A Byzantine Epigram in the Pictorial Cycle of Akathistos Hymn for the Virgin from the Narthex of Kremikovtsi Monastery St George (1493) Cover Image
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A Byzantine Epigram in the Pictorial Cycle of Akathistos Hymn for the Virgin from the Narthex of Kremikovtsi Monastery St George (1493)
A Byzantine Epigram in the Pictorial Cycle of Akathistos Hymn for the Virgin from the Narthex of Kremikovtsi Monastery St George (1493)

Author(s): Tsvetan Vasilev
Subject(s): History, Language studies, Language and Literature Studies, Cultural history, Studies of Literature, Middle Ages, Philology, Translation Studies
Published by: Институт за литература - BAN

Summary/Abstract: The research paper presents an unpublished inscription in Greek language from the narthex of the Kremikovtsi Monastery St George near Sofia – an epigram of the famous Byzantine poet Theodoros Prodromos, who lived at the court of the Komnenian Dynasty in the twelfth century. Being part of the scene Flight into Egypt and – more precisely, – being written in the scroll of a female figure – a personification of the city, no parallel of this inscription has been attested so far in post-Byzantine art. The only other scroll like this has been discovered in the church of the Seslavtsi Monastery St Nicholas near Sofia, but the text there is probably just a decorative detail. A complete study of the preserved part of the damaged inscription is conducted, together with a discussion about its linguistic and literary specifics in the context of the high Byzantine poetry and the Biblical exegesis. The aim is to outline and to describe the raison d’être of this religious epigram (ἱερὸν ἐπίγραμμα) as an expressive instrument for direct communication with the audience through its main stylistic feature – the dialogue between the Saviour and the layman, between the divine and the human nature of Christ. The poetical form chosen by Theodoros Prodromos immediately draws the viewers’ attention and it compels them to reflect upon the scene. Theodoros Prodromos’ epigram in the Kremikovtsi Monastery offers an exceptional and significant proof that the connection of Balkan art to the achievements of the Christian culture of the former Byzantine empire was still alive in the fifteenth century.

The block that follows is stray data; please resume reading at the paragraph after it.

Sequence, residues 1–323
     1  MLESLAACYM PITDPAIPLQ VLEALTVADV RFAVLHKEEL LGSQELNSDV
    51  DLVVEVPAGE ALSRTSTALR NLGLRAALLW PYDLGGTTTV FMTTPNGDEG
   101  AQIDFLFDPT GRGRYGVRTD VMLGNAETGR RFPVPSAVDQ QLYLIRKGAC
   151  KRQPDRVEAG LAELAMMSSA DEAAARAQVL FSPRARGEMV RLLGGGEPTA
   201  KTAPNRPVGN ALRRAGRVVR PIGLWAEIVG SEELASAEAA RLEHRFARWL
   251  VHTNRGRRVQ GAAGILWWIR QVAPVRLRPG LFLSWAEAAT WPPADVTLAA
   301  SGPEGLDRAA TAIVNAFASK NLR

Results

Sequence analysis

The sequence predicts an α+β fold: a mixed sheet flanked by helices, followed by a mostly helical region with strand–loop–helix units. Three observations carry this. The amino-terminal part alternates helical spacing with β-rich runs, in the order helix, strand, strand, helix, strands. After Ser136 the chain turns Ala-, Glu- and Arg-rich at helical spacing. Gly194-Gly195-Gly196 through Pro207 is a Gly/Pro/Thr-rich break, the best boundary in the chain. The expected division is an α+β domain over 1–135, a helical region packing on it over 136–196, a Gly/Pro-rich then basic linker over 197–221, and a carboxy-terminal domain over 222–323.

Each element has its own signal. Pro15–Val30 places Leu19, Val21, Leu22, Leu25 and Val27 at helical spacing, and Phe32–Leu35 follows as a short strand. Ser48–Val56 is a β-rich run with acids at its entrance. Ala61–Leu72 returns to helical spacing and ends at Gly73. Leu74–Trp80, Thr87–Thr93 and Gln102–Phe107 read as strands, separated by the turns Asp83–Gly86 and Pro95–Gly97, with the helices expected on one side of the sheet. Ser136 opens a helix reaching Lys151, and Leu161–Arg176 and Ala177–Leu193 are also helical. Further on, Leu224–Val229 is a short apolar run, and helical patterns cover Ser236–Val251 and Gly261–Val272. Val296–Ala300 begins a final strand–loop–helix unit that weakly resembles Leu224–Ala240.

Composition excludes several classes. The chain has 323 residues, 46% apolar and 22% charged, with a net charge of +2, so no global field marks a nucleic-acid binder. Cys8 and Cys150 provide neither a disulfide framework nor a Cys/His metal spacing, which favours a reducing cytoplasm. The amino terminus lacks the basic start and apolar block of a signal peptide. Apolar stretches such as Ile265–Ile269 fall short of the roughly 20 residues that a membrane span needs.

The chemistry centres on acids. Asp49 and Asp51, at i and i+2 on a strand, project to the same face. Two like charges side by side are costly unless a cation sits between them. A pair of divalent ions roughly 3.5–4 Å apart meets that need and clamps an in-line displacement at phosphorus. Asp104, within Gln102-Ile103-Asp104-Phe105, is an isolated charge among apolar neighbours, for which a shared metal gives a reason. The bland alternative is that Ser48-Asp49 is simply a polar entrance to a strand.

• Issue Year: 2017
  • Issue No: 16-17
  • Page Range: 313-324
  • Page Count: 12
  • Language: English